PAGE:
Part III begins with a description of "practical" people and the constant lack of such people. The narrator asserts that the definition of a practical man is one who lacks originality or initiative. As a result, in Russia it is much more prestigious to be a general than an inventor or genius, for being a general is sign of a stable and quiet life. The Yepanchins, however, are not an example of an ordinary family, perhaps due to the eccentricity of Lizaveta Prokofyevna, Madame Yepanchin.
Madame Yepanchin has always known of her eccentricity and has felt somewhat self-conscious about it, even though society has always highly respected her just like General Yepanchin. Lizaveta Prokofyevna constantly suffers anxiety regarding the marriage of her three daughters, and she frequently becomes irritable and experiences mood swings as a result. Recently some of her anxiety has subsided in light of the prospective marriages of Adelaida to Prince S. and Aglaya to Radomsky.
In the past few days, however, the Yepanchin household has once again been in turmoil. Aglaya has been hysterical for three days. Madame Yepanchin received an anonymous letter stating that Aglaya was in correspondence with Nastassya Filippovna. Now Madame Yepanchin regrets that she dragged Prince Myshkin to their house and spoke to him about it.
Madame Yepanchin, Myshkin, the three Yepanchin sisters, Prince S., and Radomsky are all sitting on the Yepanchin veranda. Prince S. jokingly criticizes Russian liberalism, which seems to attack Russia itself rather than order. Myshkin takes Prince S. very seriously and replies with his opinion on the perversion of the morals in young people. Radomsky then notices an inconsistency in Myshkin's line of argument: how can Myshkin not have noticed in Burdovsky and his group the same moral perversion of which he complains now?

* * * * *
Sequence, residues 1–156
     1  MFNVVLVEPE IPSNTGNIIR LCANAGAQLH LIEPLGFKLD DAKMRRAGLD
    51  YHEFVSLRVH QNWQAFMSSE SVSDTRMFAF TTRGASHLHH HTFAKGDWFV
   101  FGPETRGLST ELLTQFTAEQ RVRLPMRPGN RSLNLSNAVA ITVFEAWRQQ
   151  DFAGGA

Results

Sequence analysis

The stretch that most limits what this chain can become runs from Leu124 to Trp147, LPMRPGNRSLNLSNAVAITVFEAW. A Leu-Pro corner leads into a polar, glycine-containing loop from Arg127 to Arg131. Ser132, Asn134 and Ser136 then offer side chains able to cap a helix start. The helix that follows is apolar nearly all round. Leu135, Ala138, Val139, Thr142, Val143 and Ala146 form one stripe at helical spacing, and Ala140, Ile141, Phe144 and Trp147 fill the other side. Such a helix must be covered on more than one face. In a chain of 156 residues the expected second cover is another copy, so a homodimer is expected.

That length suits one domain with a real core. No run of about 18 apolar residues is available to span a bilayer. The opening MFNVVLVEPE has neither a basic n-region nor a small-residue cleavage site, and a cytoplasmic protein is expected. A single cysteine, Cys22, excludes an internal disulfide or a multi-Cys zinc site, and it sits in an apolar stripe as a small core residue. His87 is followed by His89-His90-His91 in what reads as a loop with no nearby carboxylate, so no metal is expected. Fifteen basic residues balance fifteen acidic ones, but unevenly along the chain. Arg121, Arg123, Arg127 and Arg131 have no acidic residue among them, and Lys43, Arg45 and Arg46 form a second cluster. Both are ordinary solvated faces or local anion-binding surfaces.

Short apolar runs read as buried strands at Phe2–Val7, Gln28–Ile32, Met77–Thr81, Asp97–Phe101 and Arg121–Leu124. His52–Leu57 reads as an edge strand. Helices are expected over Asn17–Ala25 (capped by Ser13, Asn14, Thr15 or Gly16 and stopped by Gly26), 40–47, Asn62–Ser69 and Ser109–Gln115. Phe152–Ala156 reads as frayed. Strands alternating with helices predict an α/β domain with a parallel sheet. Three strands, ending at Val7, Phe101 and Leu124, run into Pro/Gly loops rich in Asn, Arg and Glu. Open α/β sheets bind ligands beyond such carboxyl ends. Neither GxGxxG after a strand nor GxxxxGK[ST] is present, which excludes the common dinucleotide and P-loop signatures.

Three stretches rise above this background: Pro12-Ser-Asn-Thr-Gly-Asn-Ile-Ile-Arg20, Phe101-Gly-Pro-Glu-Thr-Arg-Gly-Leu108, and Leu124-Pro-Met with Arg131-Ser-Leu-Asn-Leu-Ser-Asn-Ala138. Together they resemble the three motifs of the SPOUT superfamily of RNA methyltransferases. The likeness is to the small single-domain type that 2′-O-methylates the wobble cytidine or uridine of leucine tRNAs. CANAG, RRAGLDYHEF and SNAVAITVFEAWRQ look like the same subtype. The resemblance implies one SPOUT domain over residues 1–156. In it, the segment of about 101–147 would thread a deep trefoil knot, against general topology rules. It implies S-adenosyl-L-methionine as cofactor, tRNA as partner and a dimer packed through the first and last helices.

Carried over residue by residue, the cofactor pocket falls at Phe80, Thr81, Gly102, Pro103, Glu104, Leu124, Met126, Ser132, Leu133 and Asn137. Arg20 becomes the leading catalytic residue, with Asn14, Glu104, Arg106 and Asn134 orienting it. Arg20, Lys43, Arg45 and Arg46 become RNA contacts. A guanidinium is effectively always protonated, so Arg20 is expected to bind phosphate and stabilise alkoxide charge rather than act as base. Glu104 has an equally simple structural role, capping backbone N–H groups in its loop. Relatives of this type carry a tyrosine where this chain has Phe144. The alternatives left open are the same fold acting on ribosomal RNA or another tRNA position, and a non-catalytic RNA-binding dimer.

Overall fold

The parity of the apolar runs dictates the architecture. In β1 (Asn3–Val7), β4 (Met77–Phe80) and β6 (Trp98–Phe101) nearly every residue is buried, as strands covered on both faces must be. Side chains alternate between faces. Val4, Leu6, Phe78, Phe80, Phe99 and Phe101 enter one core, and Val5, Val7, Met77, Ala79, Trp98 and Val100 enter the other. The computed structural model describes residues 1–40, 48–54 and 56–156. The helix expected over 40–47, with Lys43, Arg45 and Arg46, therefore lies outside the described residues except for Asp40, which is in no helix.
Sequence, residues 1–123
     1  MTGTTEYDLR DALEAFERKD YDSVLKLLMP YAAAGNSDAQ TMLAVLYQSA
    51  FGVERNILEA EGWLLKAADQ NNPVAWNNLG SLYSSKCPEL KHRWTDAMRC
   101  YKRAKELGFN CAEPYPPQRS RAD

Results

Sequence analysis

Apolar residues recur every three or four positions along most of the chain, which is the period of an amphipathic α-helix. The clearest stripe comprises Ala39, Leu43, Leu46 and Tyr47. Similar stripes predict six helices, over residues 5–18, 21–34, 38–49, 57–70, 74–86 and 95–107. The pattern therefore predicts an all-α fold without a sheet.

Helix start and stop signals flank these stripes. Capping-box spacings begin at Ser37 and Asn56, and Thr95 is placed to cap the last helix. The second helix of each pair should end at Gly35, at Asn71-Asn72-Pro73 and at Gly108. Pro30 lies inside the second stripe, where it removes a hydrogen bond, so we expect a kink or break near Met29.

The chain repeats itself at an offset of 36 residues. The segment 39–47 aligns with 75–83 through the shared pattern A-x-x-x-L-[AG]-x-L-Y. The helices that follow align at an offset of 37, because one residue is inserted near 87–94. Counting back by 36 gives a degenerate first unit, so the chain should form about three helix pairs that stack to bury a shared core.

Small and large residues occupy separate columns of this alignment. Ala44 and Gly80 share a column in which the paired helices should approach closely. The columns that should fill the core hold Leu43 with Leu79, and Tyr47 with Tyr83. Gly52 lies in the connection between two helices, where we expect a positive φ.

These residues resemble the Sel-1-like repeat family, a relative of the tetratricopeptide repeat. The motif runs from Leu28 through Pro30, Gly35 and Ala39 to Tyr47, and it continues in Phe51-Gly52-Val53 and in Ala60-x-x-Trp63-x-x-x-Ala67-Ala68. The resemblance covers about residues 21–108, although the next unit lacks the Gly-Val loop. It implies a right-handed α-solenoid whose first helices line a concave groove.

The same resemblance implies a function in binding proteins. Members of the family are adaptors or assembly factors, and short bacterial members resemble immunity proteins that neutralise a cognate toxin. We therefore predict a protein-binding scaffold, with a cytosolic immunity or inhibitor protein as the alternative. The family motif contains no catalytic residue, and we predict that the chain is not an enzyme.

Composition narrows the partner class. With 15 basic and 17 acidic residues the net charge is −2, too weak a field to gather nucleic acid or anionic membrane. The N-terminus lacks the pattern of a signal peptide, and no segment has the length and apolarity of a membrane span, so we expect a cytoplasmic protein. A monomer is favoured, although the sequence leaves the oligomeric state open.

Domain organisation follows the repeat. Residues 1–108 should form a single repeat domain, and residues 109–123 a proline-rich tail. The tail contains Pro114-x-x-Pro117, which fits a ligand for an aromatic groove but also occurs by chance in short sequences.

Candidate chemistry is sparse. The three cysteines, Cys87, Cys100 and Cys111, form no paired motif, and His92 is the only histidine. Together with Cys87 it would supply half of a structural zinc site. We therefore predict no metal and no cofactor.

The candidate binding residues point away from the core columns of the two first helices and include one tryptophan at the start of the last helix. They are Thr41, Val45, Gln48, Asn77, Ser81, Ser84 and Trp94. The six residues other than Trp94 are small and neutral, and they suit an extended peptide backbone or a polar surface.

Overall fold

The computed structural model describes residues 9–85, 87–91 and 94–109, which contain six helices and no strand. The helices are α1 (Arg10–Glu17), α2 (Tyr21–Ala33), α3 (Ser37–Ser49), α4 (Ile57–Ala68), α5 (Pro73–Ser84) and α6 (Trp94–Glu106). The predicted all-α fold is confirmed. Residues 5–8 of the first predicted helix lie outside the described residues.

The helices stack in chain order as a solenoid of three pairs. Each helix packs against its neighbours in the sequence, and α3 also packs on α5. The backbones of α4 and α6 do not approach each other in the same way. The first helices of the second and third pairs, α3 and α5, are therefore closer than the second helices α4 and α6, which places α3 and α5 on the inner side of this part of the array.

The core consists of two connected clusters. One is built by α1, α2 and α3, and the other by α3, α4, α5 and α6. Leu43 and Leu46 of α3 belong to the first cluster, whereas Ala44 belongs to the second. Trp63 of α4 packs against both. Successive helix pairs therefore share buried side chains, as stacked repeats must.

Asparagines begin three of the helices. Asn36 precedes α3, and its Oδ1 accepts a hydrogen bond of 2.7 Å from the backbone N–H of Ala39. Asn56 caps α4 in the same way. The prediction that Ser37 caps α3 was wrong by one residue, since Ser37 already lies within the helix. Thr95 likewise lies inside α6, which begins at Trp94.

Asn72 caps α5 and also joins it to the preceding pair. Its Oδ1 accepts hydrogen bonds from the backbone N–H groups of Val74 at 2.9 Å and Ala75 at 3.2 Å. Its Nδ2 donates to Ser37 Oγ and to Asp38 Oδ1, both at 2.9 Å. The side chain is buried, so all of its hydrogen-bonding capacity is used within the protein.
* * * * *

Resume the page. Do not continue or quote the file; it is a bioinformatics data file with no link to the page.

Kolya enters and says that Hippolite has moved into Lebedev's cottage. Kolya also says that yesterday Hippolite kissed Myshkin's hand. Everyone decides to go to the park. Before they do, Myshkin begins to apologize to Radomsky for making great ideas sound ridiculous. Suddenly Aglaya exclaims that Myshkin is better than anyone else present and that he should not apologize to anyone. Kolya cries "poor knight," hinting at Aglaya's interest in Myshkin. Aglaya cries that she will never marry Myshkin, who replies that he had no intention of asking her. Suddenly everyone starts laughing, and they all go to the park.
As they are walking though the park, they see three women surrounded by a group of admirers walking loudly toward them and attracting attention. Myshkin is filled with horror as he notices Nastassya Filippovna. She approaches Radomsky and begins to speak with him as if she knows him. Radomsky's friend makes an insulting remark toward her, so she takes a quirt and whips him across the face. The officer friend is about to attack Nastassya Filippovna, but Myshkin prevents him.
The young prince is supposed to symbolize the good. The image of "Christ", the kindness at his own expense. Though because of his epilepsy everyone takes advantage of his naiiveness, and he is looked at like an idiot. So I believe since Fyodor had epilepsy himself he was aware of the losing of knowledge, that can make one feel stupid, hence "the idiot." I know from having many seizures that over time they do affect our brain in various ways. I am not the only one to feel that way, but I never thought any book could incorporate that feeling a... Read more→
2 out of 2 people found this helpful